The parties arranged to make the requisite royalty payments on a quarterly basis beginning as of October 1, 2014. In 2016, however, a dispute arose as to whether Globus was liable for royalty payments on the sales of two of its other products, the Rise-L spacer and the Altera spacer. When counsel for Dr. Bianco protested to Globus regarding the failure of payment for those products, Globus filed suit in the United States District Court for the Eastern District of Pennsylvania, seeking a declaratory judgment that it was not liable for those payments under this Court's judgment. Dr. Bianco then filed a motion with this Court seeking an order to show cause why Globus should not be held in civil contempt for failing to abide by the terms of this Court's judgment. Meanwhile, the Pennsylvania court requested briefing from the parties as to why it should not transfer the declaratory judgment suit to the Eastern District of Texas. Following briefing of the transfer issue, the Pennsylvania court stayed the declaratory judgment action pending resolution of the contempt proceeding before this Court. An evidentiary hearing in the contempt proceeding is now scheduled for September 11, 2017.

         The parties have recently informed the Court that they have resolved their dispute regarding the Rise-L device. Thus, only the royalties relating to the Altera device remain in dispute.

         DISCUSSION

         In his motion in limine, Dr. Bianco seeks to exclude any evidence, including testimony from Dr. Peloza, that is related to the existence or misappropriation of Dr. Bianco's trade secret. Those issues, Dr. Bianco argues, have already been conclusively decided, and the contempt proceeding is not an appropriate forum in which to seek to relitigate those issues. In response, Globus contends that it is not seeking to relitigate issues settled by the judgment in this case, but that it intends to offer evidence, including testimony from Dr. Peloza, that is relevant to the issue of contempt. In particular, Globus argues that the evidence in question, including “state of the art” evidence, is admissible for three reasons: (1) it will provide context to identify “colorable differences” in technology; (2) it will bear on the question whether Dr. Bianco's trade secret remained protected and protectable at the time of a subsequent use; and (3) it is relevant to equitable issues such as mitigating circumstances, Globus's good faith, and the appropriate remedy if contempt is found. Dkt. No. 395, at 1.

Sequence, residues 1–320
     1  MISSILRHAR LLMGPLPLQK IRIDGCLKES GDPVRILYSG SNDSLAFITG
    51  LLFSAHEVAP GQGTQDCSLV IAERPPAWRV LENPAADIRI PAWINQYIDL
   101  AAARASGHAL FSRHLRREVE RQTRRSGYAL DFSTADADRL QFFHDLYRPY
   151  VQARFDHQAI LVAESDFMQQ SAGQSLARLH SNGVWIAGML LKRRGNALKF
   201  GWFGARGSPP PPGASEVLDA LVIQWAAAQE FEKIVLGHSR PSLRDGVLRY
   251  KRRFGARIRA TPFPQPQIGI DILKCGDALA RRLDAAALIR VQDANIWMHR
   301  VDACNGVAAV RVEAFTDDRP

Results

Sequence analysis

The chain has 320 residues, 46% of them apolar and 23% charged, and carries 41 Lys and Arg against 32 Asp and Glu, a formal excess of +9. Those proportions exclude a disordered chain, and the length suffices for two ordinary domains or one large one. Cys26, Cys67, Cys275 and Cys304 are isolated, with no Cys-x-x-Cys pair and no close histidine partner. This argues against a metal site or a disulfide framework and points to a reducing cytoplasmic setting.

Because the contempt proceeding will be held before the Court and without a jury, the Court will be liberal in allowing the parties to introduce evidence, subject to the Court's later determining whether that evidence is relevant and helpful in resolving the issue before the Court, which is whether the Altera device is or is not more than colorably different from the Caliber, Caliber-L, and Rise devices that were adjudicated during the trial.[1] With that said, and for the guidance of the parties, however, the Court will make the following observations regarding the proper uses for which the evidence at the contempt hearing may be offered.

         1. Context

         Globus first argues that Dr. Peloza's evidence regarding the state of the art will be useful in providing the context for deciding whether the Altera device is merely a colorable imitation of the Caliber, Caliber-L, and Rise products. Dkt. No. 395, at 7-8. The Court will ...